The University of Liverpool is part of a new international consortium project aiming to tackle the pressing need for effective and economical osteoarthritis treatments.
Osteoarthritis is the most common chronic joint disorder worldwide, but there is no efficient treatment so far. Therefore, new medications are needed to improve the quality of life for those affected and reduce the high costs associated with this disease.
Taking advantage of the explosion of RNA technologies in the last few years, the SINPAIN project aims to develop more personalized diagnostic and treatment options for different stages of osteoarthritis.
Bringing together specialists from twelve partner institutions based in Europe and the US, SINPAIN is supported by €5.3 million from the Horizon Europe program over the next four and half years.
“Osteoarthritis patients depend on new treatments to alleviate chronic pain and slow disease progression. This degenerative disease is affecting an increasing number of people, who often endure a considerably reduced quality of life,” says project coordinator Dr. Damien Dupin from the Spanish research organization CIDETEC Nanomedicine. “There is a pressing and unmet global need, not only for effective therapeutic treatments but also for understanding the causes and mechanisms of this disease and that’s where SINPAIN comes in.”
Once considered a purely mechanical disease, caused by cartilage wear, osteoarthritis is now seen as a complex biological response, connecting biomechanics, inflammation, and the immune system. SINPAIN is based on the understanding that there is an interplaying mechanism of symptoms.
Aiming to develop novel siRNA advanced therapy, the project will create models from biopsies of patients that allow a deep insight into knee osteoarthritis and will generate advanced siRNA-based products that help alleviate pain and slow down disease progression. The efficacy and safety of these nanotherapeutics will be validated in ex vivo and in vivo models that will be employed to elucidate the biological mechanisms of the condition’s progression. Profiles of the patients will then allow machine-learning tools to deliver personalized therapies according to the individual disease stage.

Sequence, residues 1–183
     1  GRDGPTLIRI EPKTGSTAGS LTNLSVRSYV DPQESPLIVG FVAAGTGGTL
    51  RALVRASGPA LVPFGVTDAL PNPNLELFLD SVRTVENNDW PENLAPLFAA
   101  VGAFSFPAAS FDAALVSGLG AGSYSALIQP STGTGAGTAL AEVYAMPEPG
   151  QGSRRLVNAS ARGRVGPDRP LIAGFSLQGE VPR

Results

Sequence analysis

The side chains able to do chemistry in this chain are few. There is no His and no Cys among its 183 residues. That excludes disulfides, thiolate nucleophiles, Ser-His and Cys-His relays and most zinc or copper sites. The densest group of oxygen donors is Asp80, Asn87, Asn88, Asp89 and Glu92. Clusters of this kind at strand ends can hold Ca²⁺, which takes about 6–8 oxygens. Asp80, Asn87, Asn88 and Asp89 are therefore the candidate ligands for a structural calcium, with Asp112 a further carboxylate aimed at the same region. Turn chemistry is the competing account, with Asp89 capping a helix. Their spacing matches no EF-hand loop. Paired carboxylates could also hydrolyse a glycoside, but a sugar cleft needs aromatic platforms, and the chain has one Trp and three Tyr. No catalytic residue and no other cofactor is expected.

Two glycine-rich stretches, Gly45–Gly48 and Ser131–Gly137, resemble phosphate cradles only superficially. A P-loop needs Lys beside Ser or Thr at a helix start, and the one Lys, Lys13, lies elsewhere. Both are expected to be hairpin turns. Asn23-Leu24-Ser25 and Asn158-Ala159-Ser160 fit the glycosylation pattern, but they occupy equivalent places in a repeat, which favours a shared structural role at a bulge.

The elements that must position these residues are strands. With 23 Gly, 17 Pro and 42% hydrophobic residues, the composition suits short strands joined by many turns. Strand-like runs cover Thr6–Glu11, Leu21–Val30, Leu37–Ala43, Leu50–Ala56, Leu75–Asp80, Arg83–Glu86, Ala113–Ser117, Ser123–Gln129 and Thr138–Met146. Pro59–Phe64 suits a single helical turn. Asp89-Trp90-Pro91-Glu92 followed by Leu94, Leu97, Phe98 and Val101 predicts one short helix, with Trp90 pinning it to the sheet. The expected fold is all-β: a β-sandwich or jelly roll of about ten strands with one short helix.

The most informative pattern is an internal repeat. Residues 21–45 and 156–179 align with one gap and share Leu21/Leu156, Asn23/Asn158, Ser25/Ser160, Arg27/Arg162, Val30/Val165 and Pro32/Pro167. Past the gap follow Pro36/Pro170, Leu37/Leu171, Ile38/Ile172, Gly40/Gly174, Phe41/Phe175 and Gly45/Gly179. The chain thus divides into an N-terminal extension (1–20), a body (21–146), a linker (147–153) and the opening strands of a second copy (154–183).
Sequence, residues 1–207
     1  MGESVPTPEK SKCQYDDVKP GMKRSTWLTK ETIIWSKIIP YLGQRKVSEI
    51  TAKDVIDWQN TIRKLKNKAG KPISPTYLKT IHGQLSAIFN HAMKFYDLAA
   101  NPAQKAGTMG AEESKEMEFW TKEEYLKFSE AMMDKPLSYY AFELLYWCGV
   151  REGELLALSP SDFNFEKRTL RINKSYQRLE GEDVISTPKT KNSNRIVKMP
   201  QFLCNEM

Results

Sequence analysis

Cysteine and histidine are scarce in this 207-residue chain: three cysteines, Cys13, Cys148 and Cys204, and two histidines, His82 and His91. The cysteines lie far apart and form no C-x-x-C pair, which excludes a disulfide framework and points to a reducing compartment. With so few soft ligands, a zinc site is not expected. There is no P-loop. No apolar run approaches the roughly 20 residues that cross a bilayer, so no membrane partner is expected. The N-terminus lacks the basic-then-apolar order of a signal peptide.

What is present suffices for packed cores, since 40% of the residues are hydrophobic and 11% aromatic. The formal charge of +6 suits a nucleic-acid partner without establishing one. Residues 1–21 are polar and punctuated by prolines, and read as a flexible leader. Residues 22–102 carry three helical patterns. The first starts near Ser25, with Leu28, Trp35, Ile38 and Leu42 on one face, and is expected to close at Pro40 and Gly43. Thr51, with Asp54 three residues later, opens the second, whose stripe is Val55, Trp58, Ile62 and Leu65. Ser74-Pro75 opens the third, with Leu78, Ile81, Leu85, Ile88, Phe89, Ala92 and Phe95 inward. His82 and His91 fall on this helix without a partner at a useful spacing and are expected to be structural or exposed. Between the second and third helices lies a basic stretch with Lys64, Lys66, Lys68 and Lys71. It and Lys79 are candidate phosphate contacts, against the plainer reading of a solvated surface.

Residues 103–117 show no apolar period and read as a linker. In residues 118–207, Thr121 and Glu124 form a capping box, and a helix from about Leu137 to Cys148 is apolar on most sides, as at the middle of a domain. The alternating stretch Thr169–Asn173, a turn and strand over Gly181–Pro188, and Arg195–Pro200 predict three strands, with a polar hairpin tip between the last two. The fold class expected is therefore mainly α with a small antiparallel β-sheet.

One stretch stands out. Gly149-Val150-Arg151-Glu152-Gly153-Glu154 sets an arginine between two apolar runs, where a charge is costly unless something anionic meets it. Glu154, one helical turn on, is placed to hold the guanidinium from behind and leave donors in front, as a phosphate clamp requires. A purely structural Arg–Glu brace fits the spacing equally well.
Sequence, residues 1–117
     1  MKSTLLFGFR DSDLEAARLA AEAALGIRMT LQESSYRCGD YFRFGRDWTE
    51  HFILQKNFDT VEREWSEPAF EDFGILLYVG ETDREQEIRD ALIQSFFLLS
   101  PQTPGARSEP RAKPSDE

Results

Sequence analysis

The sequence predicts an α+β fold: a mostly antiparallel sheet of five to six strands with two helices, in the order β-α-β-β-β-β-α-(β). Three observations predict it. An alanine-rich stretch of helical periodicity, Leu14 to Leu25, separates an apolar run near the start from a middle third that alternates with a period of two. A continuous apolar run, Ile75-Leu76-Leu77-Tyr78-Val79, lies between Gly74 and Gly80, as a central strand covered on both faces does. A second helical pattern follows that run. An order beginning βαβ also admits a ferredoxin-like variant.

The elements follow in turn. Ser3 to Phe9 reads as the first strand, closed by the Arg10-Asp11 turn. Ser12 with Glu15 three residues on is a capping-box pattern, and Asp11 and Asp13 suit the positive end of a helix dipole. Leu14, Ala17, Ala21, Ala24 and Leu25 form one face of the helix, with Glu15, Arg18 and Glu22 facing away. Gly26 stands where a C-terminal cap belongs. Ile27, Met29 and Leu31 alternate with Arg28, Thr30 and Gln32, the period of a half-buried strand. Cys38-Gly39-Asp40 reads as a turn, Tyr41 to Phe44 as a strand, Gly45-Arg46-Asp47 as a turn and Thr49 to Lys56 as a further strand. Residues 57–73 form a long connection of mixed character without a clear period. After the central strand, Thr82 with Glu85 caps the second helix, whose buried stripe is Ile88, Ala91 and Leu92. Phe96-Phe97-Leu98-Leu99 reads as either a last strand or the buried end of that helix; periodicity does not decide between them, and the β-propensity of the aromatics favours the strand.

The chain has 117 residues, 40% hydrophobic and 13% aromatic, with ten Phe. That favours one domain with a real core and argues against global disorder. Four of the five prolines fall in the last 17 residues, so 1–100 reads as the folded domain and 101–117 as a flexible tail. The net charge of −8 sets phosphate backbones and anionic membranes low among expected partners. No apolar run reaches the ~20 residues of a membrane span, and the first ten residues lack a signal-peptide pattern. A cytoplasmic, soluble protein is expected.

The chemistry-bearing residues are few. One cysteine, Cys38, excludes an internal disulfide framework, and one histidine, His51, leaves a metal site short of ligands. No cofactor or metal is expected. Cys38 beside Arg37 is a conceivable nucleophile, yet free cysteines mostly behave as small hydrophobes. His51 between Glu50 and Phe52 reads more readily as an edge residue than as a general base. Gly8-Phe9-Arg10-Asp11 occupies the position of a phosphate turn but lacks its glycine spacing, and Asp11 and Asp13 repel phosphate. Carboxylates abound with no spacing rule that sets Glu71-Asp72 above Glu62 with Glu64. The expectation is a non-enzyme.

The University of Liverpool’s role in the project will be to support the translation of the advanced therapeutics, and materials, by assessing their safety and immunological interactions.
Dr Neill Liptrott, Reader in Pharmacology and head of the Immunocompatibility Group at the University of Liverpool, said: “We are delighted to be part of this exciting, and ambitious, project. For many years now, we have been supporting the development, and translation, of advanced therapeutics through many national and international projects by determining possible adverse responses to new materials and approaches. Our role, as work package lead, in the project will be to identify, possible, unwanted immunological interactions of the materials developed in the project, in parallel with assessment of efficacy, to ensure a balance between the two. This project fits within a number of the University’s strategic aims, and with our broader portfolio of work, which includes the delivery of nucleic acid therapeutics.”
Source: University of Liverpool